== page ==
IN the midway of this our mortal life,
I found me in a gloomy wood, astray
Gone from the path direct: and e'en to tell
It were no easy task, how savage wild
That forest, how robust and rough its growth,
Which to remember only, my dismay
Renews, in bitterness not far from death.
Yet to discourse of what there good befell,
All else will I relate discover'd there.
How first I enter'd it I scarce can say,
Such sleepy dullness in that instant weigh'd
My senses down, when the true path I left,
But when a mountain's foot I reach'd, where clos'd
The valley, that had pierc'd my heart with dread,
I look'd aloft, and saw his shoulders broad
Already vested with that planet's beam,
Who leads all wanderers safe through every way.
The Divine Comedy is divided into three canticles: Inferno, Purgatorio, and Paradiso. Each canticle consists of thirty-three cantos, except the first which has thirty-four, thus the entire poem is made up of one-hundred cantos.The kingdom of damnation is presented as an overturned cone, with its base lying underneath the hemisphere of the land surface and its tip reaching to the center of the earth. It is divided into ten zones: the Ante-Inferno and nine circles in which the souls are punished for their sins, moving from the least to the most grievous. After the first six circles, the seventh is divided into three sub-circles or rounds, the eighth into ten pits, and the ninth into four zones: Caina, Antenora, Ptolomea, and Judecca. museocasadidante . it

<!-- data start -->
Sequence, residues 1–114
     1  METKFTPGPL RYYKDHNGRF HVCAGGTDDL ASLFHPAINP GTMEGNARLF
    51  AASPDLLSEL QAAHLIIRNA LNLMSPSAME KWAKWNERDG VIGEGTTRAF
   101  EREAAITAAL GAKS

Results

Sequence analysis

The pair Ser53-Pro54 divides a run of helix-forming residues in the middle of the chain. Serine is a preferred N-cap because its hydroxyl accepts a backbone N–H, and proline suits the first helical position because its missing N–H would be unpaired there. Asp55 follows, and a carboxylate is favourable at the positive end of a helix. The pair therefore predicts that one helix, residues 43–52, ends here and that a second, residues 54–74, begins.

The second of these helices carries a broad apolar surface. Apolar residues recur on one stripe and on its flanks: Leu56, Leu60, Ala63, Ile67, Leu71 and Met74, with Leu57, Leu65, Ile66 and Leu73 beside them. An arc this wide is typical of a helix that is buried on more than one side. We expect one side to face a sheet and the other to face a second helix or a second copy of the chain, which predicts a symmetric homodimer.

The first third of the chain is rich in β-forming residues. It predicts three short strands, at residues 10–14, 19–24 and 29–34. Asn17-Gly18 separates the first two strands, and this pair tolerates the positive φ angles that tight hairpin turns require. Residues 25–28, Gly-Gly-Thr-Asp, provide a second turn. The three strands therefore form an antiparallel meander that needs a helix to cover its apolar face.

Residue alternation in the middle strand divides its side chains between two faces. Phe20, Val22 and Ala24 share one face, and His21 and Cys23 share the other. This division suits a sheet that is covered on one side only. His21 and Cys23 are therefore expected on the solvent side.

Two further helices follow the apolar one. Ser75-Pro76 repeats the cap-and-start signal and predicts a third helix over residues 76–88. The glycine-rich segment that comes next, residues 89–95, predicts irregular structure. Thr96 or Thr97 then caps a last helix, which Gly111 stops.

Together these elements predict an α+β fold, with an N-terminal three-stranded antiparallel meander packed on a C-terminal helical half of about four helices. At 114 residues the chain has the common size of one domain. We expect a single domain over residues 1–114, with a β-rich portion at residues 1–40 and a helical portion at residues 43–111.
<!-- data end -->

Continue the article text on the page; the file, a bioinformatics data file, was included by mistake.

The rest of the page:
In the high-stakes field of translating the great 14th-century Italian poet Dante, for years the stellar prose efforts of John Sinclair (Oxford) and Charles Singleton (Princeton) ruled because they focused on meaning rather than poetic effect. Those efforts were recently bolstered by the unrhymed, unmetered verse of husband-and-wife team Robert and Jean Hollander, who delivered a version rich in sense late last year. The Dorothy Sayers translation for Penguin, which mimicked Dante's original terza rima, was famous for its badness. Poets like Allen Mandelbaum (Bantam) and Robert Pinsky (Noonday) checked in with more poetic efforts in meter, but without trying the impossible task of writing superb poetry in terza rima that also matches Dante's meaning. That task was left for experienced translator and poet Michael Palma (My Name on the Wind: Selected Poems of Diego Valeri). His Inferno has the advantage of a facing Italian text (as does Pinsky) and some explanatory notes. But although Palma has published three collections of his own verse, he simply cannot measure up to a task that defeated such highly gifted translators of Dante into rhyme as Henry Wadsworth Longfellow and Laurence Binyon. Norton is plugging his work as being in "contemporary American English," but the demands of the form make for some puzzling, clunky passages: "As I walked, one met my eyes with a moment's stare/ and I said at once when I saw him: 'I have not/ always been starved of the sight of that man there.' " The monotony of almost all masculine rhymes is a further sign that English-language poetry may not be possible here, regardless of who descends this time.